“People see a beautiful butterfly but they don’t connect it to their landscape,” Project Native Education Director Karen LeBlanc said. “With the butterfly house they will understand that caterpillars need certain plants to live and eat. If you don’t have the plants, you’re not going to get the butterfly.”

Promoting the connection between native habitats and local wildlife, Project Native has opened a Native Butterfly House open to the public at its native plant nursery in Housatonic, just 4 miles north of Great Barrington, MA. Take a tour of this new educational facility on Friday, August 16th from 10am-12noon, or come to the kick-off party in the evening from 5-6:30pm.

The new 35-by-55-foot structure encloses a garden of native plants grown at Project Native, all of which support the life cycle of native butterflies. Staff and visiting children have been collecting native butterflies from the Project Native property to populate the butterfly house, which is open to the public daily from 10 to 4.

“This is a great addition to Project Native,” General Manager David Ellis said. “It is a terrific educational resource and a great attraction. It will serve as the keystone for our educational programs which show the importance of native habitats in sustaining our wildlife.” Groups of children have gone on butterfly safaris for several weekends in search of caterpillars and butterflies to populate the enclosed garden. There are two more butterfly safaris this summer, Wednesday, August 21st from 1-2:30pm and Saturday, August 24th from 9:30-10:30am. An advanced bug safari for kids ages 8 and oler happens on Sunday, Augutst 18th from 2:30-4:30pm.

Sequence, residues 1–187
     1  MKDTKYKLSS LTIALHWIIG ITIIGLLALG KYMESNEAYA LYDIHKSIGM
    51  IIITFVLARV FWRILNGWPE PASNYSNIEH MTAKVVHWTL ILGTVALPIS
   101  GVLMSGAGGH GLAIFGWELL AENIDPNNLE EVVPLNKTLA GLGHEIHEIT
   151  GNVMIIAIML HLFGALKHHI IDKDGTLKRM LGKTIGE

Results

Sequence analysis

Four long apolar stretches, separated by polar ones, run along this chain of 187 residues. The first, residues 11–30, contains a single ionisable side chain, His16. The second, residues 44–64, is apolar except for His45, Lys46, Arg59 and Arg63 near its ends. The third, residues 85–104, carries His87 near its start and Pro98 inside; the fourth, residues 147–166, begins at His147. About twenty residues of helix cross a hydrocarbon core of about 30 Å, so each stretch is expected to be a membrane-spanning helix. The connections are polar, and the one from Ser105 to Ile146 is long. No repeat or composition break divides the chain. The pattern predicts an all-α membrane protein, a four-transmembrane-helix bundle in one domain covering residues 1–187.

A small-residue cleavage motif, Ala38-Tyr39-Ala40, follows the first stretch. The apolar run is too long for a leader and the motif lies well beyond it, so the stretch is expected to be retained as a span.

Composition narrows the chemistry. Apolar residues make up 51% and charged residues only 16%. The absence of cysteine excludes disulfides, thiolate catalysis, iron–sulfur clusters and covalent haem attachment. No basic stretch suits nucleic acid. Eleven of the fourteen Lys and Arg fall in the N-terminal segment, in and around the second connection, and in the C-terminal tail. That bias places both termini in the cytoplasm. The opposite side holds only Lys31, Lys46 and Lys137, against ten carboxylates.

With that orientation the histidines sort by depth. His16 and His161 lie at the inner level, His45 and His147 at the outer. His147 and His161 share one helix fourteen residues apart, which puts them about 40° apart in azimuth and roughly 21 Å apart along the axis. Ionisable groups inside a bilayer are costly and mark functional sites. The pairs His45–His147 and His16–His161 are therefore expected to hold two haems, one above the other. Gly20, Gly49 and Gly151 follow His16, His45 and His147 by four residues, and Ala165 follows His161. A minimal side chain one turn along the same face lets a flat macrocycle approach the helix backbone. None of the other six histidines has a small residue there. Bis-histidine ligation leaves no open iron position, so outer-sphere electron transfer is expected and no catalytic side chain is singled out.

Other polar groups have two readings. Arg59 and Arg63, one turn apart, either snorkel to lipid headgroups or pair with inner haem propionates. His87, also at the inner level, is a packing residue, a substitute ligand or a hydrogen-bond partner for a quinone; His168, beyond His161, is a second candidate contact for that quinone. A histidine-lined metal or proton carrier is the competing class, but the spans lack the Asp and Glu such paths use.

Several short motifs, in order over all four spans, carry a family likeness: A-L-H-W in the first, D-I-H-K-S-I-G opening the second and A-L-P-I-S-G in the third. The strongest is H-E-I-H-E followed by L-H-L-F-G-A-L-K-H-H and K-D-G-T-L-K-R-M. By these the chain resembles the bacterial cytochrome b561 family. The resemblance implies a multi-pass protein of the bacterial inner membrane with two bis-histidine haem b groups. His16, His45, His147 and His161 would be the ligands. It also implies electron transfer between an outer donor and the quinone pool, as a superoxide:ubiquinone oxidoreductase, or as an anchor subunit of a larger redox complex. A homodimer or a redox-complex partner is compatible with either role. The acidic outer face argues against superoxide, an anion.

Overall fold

Project Native’s mission is to promote, restore and sustain native habitats in the Berkshire Taconic region. The 13-year-old non-profit organization grows native plants from seeds collected in the region and makes them available to the public. The fields and forests of the 54-acre former dairy farm have been largely cleared of invasive plants to restore its landscape with native habitats that include trails, a native-plant seed bank, and educational activities. Native plants as defined by Project Native, are plants that existed in the region prior to the arrival of Europeans in the 17th century.

LeBlanc first conceived of the butterfly house after placing caterpillars in small butterfly huts on the property. Soon she discovered that visitors and staff were fascinated by watching the life cycle as a caterpillar becomes a chrysalis and then emerges as a butterfly, and proposed building a structure large enough to contain permanent plantings and facilitate learning…

Read the rest of this entry »

%d bloggers like this: